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on 27 June 2011
This is not the first cookbook with authentic Italian recipes, nor is it the most comprehensive. But it is the first to fully convey the joy to be had from the most typical of dishes, from all over Italy, in their most honest form. Each dish is honoured with a paragraph about what exciting memories and sensations it evokes in the author, then instructions for the recipe that are always clear and concise, never pedantic (which would be un-Italian), and a full-page photograph. And its greatest strength is that the recipes are so well chosen. Jacob Kenedy has spent a great deal of time, attentively, in Italy, and perhaps his not being Italian helped to him to be a better judge of what is most special over all; he can select recipes from anywhere in Italy without the interference of the local pride and prejudice that almost defines a true Italian. He makes this point in his book. But I think it has helped him in another way too: he has no anxiety about the humble origins of much Italian food (much of the best Italian food), as so many Italian-born chefs do. In fact his mission has been to glorify the most robust and basic aspects of Italian cookery, convinced that they are what make it specially satisfying and evocative. He is right, of course, which accounts for the success of his Bocca di Lupo restaurant. And this is also what should make this book such a success - it is a restaurant cookbook and yet the recipes will work at home, because they derive only from how Italians actually eat at home (if they are lucky).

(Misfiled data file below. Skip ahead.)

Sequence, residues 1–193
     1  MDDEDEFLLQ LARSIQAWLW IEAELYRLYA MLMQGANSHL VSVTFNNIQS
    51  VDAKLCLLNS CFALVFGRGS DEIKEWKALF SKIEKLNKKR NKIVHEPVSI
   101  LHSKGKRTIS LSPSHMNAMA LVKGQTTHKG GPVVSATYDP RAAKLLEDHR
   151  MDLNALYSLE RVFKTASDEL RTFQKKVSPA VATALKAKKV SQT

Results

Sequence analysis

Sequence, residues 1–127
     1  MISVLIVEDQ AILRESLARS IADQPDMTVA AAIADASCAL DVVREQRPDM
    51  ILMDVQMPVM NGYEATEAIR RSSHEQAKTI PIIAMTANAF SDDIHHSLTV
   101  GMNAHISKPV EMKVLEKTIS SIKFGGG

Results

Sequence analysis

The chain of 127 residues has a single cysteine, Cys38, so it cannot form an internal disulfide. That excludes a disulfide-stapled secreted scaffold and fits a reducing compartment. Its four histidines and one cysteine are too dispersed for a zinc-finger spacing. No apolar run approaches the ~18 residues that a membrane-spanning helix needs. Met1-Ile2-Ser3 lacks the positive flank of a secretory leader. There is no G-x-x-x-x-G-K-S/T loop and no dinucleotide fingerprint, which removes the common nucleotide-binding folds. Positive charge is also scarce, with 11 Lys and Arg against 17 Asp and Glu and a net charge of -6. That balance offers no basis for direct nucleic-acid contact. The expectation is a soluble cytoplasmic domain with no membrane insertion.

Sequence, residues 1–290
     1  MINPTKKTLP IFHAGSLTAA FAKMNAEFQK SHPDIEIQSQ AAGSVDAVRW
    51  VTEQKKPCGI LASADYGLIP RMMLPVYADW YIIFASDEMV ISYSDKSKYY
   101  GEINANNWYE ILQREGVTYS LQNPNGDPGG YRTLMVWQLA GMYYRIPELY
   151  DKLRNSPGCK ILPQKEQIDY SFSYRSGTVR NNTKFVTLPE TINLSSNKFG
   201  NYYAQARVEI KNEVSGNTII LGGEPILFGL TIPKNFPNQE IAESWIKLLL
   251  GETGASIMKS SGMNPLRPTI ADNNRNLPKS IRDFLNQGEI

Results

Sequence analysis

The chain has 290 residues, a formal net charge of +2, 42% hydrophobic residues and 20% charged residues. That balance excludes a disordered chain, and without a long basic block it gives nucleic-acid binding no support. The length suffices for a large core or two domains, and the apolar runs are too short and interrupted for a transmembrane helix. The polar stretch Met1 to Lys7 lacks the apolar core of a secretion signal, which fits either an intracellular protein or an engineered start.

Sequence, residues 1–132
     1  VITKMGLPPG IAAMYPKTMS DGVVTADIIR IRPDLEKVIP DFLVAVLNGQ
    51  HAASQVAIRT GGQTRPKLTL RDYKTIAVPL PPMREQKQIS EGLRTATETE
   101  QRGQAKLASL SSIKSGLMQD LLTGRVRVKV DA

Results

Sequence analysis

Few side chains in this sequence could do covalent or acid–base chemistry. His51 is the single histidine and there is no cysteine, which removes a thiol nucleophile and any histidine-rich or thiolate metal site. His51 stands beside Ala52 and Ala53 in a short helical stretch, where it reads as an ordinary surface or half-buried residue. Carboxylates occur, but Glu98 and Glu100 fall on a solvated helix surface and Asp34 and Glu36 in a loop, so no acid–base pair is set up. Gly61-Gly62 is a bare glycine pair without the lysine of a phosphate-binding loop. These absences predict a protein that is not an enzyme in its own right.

Kenedy happens to have put affectionate emphasis on the cooking of Lazio, which is perhaps the simplest, and most maligned of Italian regional cuisines - maligned especially by trendy Romans - and the most adaptable to home kitchens abroad. It is great to see because this is food that has never had much exposure, and these days it is rare enough to find even in Rome; now foreigners will discover the joys of guanciale, fave, and pecorino, just as Romans have turned their noses up at them.
Really, it has become hard even in Italy for a foreigner to eat like this; Italian food is so often adulterated by what is expected of foreign tastes, and by the pointless anxiety of Italian chefs to seem modern, that unless you are invited into a local home, or you are lucky enough to stumble into a trattoria so dingy that it repels the average tourist, you are unlikely to see plates like those in Bocca. That is the last benefit of Bocca: it will show you what to look for in Italian food. (Sometimes Kenedy also directs you to where to find it, in different Italian cities.)

Lastly, mention should be made of the dessert section which, though necessarily more complicated, is excellent, and obviously where a great deal of Kenedy's enthusiasm has been directed.

If you want to know what it is like to eat well in Italy, and how you can eat like that wherever you may be, you should get this book.
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on 27 March 2012
I just love this book. Having bought it due to the fact that it was so cheap secondhand, I'm amazed that anybody would consider selling it once they owned it. There are loads of Italian cookbooks out there but what I like especially about this one is that it entices you with a few familiar dishes (in particular in the pasta section) and some that require minimum preparation, but also gives you a few challenges in terms of technique (sausage making!) and ingredients. Plus, it is so well written and enthusiastic about food that even tripe sounds quite tempting to a tripophobic. If you are interested in learning more about cooking the more unusual bits of animals, then this is a good place to look. It also have a really nice section on frozen desserts. I have a feeling this is going to be one of my most used cookbooks.
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on 23 August 2013
Bocca di Lupo, Jacob Kennedy's restaurant in London, serves fine modern Italian cuisine. The flavours and textures of the food are authentically Italian, which is a rarity.

In this book, Bocca, Jacob Kennedy has sought to maintain those exacting standards.